Sporozoite Transmission of Plasmodium Vivax to Panamanian Primates

View More View Less
  • Gorgas Memorial Laboratory, P. O. Box 2016, Balboa Heights, Canal Zone

Anopheles albimanus mosquitoes transmitted blood-induced Plasmodium vivax infection from three night monkeys, Aotus trivirgatus, to three other night monkeys and to a Panamanian marmoset, Saguinus geoffroyi. Mosquito-transmissions of the malaria also were successful from one black spider monkey, Ateles fusciceps, to two other black spider monkeys. Prepatent periods ranged from 14 to 29 days and patent periods from 19 to 37 days. Plasmodium vivax in S. geoffroyi developed less than 10 parasites per cmm in contrast to maxima of 42,850 and 8,390 per cmm in A. trivirgatus and A. fusciceps on primary infection. Relapse occurred in one A. trivirgatus and in one A. fusciceps after subpatent intervals of 27 and 4 days. The relapse infections were patent for 29 and 24 days and reached maxima of 15,420 and 15,470 parasites per cmm. Mosquitoes were infected from feeding upon each A. trivirgatus and one A. fusciceps. This report of mosquito-transmissions of P. vivax infection to Panamanian primates appears to be the first of sporozoite-induced human malaria in monkeys.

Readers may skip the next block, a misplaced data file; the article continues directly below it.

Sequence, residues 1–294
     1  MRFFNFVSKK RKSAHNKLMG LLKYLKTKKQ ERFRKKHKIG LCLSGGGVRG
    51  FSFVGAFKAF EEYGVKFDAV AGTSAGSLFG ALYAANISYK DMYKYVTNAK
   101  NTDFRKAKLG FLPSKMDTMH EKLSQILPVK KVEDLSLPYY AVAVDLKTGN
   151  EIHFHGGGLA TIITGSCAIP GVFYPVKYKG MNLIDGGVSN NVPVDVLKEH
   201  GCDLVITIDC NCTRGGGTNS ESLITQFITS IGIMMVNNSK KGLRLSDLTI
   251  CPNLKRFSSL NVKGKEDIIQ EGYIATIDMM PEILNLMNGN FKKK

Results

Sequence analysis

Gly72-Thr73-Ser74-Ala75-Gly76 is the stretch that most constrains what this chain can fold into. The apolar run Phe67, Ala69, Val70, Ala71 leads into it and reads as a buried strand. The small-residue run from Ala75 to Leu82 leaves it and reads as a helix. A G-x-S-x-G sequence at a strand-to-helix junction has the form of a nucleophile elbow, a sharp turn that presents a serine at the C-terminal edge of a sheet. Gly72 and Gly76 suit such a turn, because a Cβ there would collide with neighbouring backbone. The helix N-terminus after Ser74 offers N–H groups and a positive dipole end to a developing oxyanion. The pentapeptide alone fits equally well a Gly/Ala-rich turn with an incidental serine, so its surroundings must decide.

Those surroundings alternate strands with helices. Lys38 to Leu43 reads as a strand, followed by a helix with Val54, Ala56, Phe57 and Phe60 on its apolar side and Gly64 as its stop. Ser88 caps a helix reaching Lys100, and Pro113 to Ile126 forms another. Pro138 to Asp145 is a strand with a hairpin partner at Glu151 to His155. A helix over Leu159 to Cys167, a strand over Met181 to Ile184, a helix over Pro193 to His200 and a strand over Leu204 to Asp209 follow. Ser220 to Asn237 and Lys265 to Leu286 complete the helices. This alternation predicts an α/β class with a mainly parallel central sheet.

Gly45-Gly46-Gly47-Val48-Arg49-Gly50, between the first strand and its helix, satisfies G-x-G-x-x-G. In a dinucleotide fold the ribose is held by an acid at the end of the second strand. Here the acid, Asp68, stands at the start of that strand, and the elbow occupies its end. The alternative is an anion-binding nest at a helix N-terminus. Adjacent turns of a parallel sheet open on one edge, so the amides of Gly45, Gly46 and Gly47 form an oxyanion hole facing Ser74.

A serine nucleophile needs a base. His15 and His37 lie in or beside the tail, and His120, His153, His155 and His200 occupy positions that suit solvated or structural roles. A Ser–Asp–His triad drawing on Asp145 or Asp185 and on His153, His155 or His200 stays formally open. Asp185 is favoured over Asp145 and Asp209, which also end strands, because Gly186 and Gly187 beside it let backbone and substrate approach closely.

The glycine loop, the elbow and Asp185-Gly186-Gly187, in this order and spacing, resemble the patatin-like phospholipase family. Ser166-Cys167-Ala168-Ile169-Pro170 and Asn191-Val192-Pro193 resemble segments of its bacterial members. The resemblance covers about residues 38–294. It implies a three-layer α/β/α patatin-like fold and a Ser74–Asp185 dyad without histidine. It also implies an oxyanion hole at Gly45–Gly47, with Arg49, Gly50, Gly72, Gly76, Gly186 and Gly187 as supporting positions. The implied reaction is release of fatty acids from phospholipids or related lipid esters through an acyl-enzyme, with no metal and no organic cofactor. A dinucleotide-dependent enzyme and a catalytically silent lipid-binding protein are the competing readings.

Author Notes

Present address: Veterans Administration, Edward Hines Jr. Hospital, RILAMSAT, Bldg. 189a, Hines, Illinois 60141.